2012 Annual Science Report

Georgia Institute of Technology Reporting  |  SEP 2011 – AUG 2012

Life on the Edge: Astrobiology Summer Learning Program

Project Summary

For the fourth year in a row, the Georgia Tech Team ran a one-week, non-residential Summer Learning Program (SLP), called Life on the Edge: Astrobiology. This year 20 high school students from the Atlanta metro area participated in the SLP. The GT Team recruited a high school Biology teacher and a high school Chemistry teacher teacher into the Georgia Intern Fellowship for Teachers program (GIFT, https://www.ceismc.gatech.edu/gift). The teachers this year were from the DeKalb County School System, one of the most diverse systems in the state of Georgia serving over 100,000 students; 75% are African American, 8% Hispanic, and 66% qualify for free and reduced lunch. In an effort to promote and encourage entry into science teaching careers, the GT Team paired the teachers with two Georgia Tech undergraduate students (biology majors), through the NSF sponsored “Tech to Teaching” Program (http://nsf-i3.org/projects/view/tech_to_teaching/). The teachers and undergraduate students collaborated over the summer with GT team members to prepare and develop, conduct, document, scrutinize and analyze the SLP. They updated and improved the previous years experiments, and ensured and documented that the program is aligned with the Georgia Performance Standards in Biology. Using materials from our previous camps, the teachers and the undergraduate students prepared student and teacher guides for the 2012 SLP. They worked with GT team members, in their laboratories, to prepare the SLP experiments. The teachers and undergraduate students, actually ran the camp, with participation from other GT team members.

4 Institutions
3 Teams
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Field Sites

Project Progress

1. Life on the Edge: Summer Learning Program for High School Students

For the fourth year in a row, the Georgia Tech Team ran a one-week, non-residential Summer Learning Program (SLP), called Life on the Edge: Astrobiology. This year 20 high school students from the Atlanta metro area participated in the SLP. The GT Team recruited a high school Biology teacher and a high school Chemistry teacher teacher into the Georgia Intern Fellowship for Teachers program (GIFT, https://www.ceismc.gatech.edu/gift). The teachers this year were from the DeKalb County School System, one of the most diverse systems in the state of Georgia serving over 100,000 students; 75% are African American, 8% Hispanic, and 66% qualify for free and reduced lunch. In an effort to promote and encourage entry into science teaching careers, the GT Team paired the teachers with two Georgia Tech undergraduate students (biology majors), through the NSF sponsored “Tech to Teaching” Program (http://nsf-i3.org/projects/view/tech_to_teaching/). The teachers and undergraduate students collaborated over the summer with GT team members to prepare and develop, conduct, document, scrutinize and analyze the SLP. They updated and improved the previous years experiments, and ensured and documented that the program is aligned with the Georgia Performance Standards in Biology. Using materials from our previous camps, the teachers and the undergraduate students prepared student and teacher guides for the 2012 SLP. They worked with GT team members, in their laboratories, to prepare the SLP experiments. The teachers and undergraduate students, actually ran the camp, with participation from other GT team members.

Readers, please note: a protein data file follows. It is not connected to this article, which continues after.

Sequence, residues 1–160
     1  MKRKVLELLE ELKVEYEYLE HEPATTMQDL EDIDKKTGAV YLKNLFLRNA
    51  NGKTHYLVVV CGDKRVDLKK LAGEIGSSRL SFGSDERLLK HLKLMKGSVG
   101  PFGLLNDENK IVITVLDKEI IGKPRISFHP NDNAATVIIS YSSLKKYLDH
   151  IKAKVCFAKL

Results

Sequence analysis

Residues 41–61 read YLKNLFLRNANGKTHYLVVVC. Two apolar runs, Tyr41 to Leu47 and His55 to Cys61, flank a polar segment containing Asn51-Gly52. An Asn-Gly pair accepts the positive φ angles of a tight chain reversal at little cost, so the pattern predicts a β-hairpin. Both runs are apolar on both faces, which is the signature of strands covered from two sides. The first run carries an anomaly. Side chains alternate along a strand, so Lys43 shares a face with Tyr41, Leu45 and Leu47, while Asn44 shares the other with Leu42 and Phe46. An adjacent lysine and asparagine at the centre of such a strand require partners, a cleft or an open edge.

The scientific focus of the SLP is life in extreme environments. The high school students (Figure 1) explored astrobiology, biochemistry, evolution, and molecular biology though art and intense, engaging, hands-on activities.

2012 Life on the Edge: Astrobiology Summer Learning Program participants and instructors

Life on the Edge provides teachers, undergraduates and high school students exposure to the excitement of astrobiology, and gives science and art teachers methods for incorporating astrobiology into their high school teaching programs. Basic biology concepts were reviewed and explained in an astrobiological context, to illustrate the adaptation and survival of many types of extremophiles and the diversity of environments that can support life. A variety of extremophiles are grown in the SLP lab, including halophiles, psychrophiles, and thermophiles. Each student uses biological techniques such as micropipetting, gel electrophoresis, Polymerase Chain Reaction (PCR), (Figure 2) to learn the methods used by astrobiology researchers.

Additional activities include: Exploring Titan’s low temperature environment, using liquid nitrogen, painting astrobiology inspired art growing extremophiles, attending lectures by the GT Center faculty and post doctoral students, desiccating and rehydrating rotifers, touring research labs and teaching facilities and presenting a group project in a final presentation that highlights the experimental investigation of halophiles, psychrophiles, and thermophiles.

Life on the Edge: Activities: Titan’s Temperature, lectures, creating art using repetitive stamping, and student presentations using the presentation tool Prezi.

An important goal of our SLP is to develop low cost/low tech astrobiology experiments and protocols that can be readily incorporated into high school laboratories, that are restrained by limited resources and expertise. The SLP explicitly avoids complex and expensive equipment and experiments and develops materials that are readily accessible to high school teachers. For example we have developed an aquarium-based system for growing extremophiles (sterile techniques are not required). Following our protocols, teachers can use aquaria and bubblers (<$40) to culture thermophiles (also requires a hotplate), halophiles, alkaliphiles, acidophiles and psychrophiles (also requires an ice chest). Several of these aquaria are shown in Figure 3.

In addition we have developed a PCR protocol that uses two water baths (on different two hot plates) and a stopwatch. In side-by-side comparisons by the high school students, the yield of our low tech PCR method is greater than that with an expensive gradient PCR machine.